Peter Ashton Jones

Peter Ashton Jones
 

"I’m in the studio almost every day, and usually begin the day with two to three hours of thinking, almost as if I’m finding or retracing my way back into a painting.."

 

You were recently in a group show called "Part II: The Turning World" Curated by Zavier Ellis at CHARLIE SMITH LONDON. Could you tell us about that show?

The show was a three-person show about contemporary landscape painting and included Barry Thompson, Sam Douglas and myself obviously. Zavier Ellis, the Director of Charlie Smith Gallery, came to my studio a while back, just for a nose I think, and I have a vague idea that, although landscape is just one genre I use, (constitutes about a quarter of what I make), the show may have evolved as a result of a conversation we had about a group of landscapes that I had made or that were on the go, something about a tension between a fiction and a realism dichotomy - finding ‘a realism’ through ‘a fiction’. I think Zavier expanded and layered this idea and curated the whole thing, and presented three painters that occupy three very different and distinct positions with regard to landscape painting, and for me, the show did aim to constitute something of a tension between fiction and realism.

Could you tell us a bit about yourself? How long have you been a practising artist and where did you study?

I studied at Kingston University in the mid eighties and have been painting since then. I’ve also worked as a curator, mainly for independent project spaces, and I have written about painting. I founded Turps Banana with Marcus Harvey in 2005 (although I left three years ago), and I also founded the painting gallery The Lion and Lamb (which closed three years ago).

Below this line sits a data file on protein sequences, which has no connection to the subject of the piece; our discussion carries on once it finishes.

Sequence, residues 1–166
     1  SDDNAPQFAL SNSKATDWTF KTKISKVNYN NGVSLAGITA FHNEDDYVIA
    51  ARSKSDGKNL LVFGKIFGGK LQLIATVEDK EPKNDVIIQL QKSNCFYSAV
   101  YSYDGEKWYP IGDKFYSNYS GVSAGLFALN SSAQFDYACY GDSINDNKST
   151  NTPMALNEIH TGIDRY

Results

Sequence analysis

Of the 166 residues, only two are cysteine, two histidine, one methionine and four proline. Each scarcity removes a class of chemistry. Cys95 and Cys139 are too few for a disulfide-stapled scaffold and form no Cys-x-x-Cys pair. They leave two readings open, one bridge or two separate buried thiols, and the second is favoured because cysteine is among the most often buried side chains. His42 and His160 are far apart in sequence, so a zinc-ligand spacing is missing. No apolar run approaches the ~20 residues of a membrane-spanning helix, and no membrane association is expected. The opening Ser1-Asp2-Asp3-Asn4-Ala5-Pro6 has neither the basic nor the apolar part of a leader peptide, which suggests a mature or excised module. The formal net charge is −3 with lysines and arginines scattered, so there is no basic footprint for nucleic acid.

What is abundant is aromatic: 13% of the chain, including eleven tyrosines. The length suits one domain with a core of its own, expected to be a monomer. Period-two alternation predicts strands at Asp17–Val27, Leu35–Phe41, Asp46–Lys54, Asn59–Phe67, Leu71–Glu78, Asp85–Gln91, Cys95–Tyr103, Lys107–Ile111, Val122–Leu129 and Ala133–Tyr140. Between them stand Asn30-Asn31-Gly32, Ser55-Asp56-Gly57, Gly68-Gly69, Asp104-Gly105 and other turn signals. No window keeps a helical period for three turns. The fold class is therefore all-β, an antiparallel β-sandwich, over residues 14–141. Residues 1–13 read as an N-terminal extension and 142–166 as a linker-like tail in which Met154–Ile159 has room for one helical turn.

"Part II: The Turning World", CHARLIE SMITH LONDON 2017

"Part II: The Turning World", CHARLIE SMITH LONDON 2017

  The Hand Glider, 2017

The Hand Glider, 2017

  The Passage, 2012

The Passage, 2012

  'milo's muzzle' 2011

'milo's muzzle' 2011

Tell us a bit about how you spend your day/studio routine? What is your studio like?

I’m in the studio almost every day, and usually begin the day with two to three hours of thinking, almost as if I’m finding or retracing my way back into a painting or paintings. I usually make a body of work of between twelve to twenty paintings simultaneously. Some paintings might be finished or close to being finished and they will influence or define ideas about other paintings that are in progress, which in turn will suggest new paintings. Some days I’ll paint for seven to eleven hours straight without a break, other days I’ll make drawings or just sit and think for hours – it really depends on the developing consciousness of the work.

My studio is at Standpoint Studios in Hoxton, London and I’ve been there for seventeen years. Standpoint, in my opinion, is quite a unique set-up in the sense that it is well run, everyone just gets on with their work, but there is also a lot of humour and friendship. The top sections of my studio walls are covered with drawings that serve the development of ideas for paintings. I have a ‘main’ wall on which I hang the paintings that ‘I’m painting’ and the rest of the paintings that are on the go are hung on other walls as if they are waiting their turn for attention. The scale of paintings varies from twelve inches to six-foot stretchers - in my opinion scale is dictated by content. There are a lot of books in the studio, some on work surfaces, others on the studio floor along with loads of notebooks, sketchbooks of drawings, more drawings and block prints.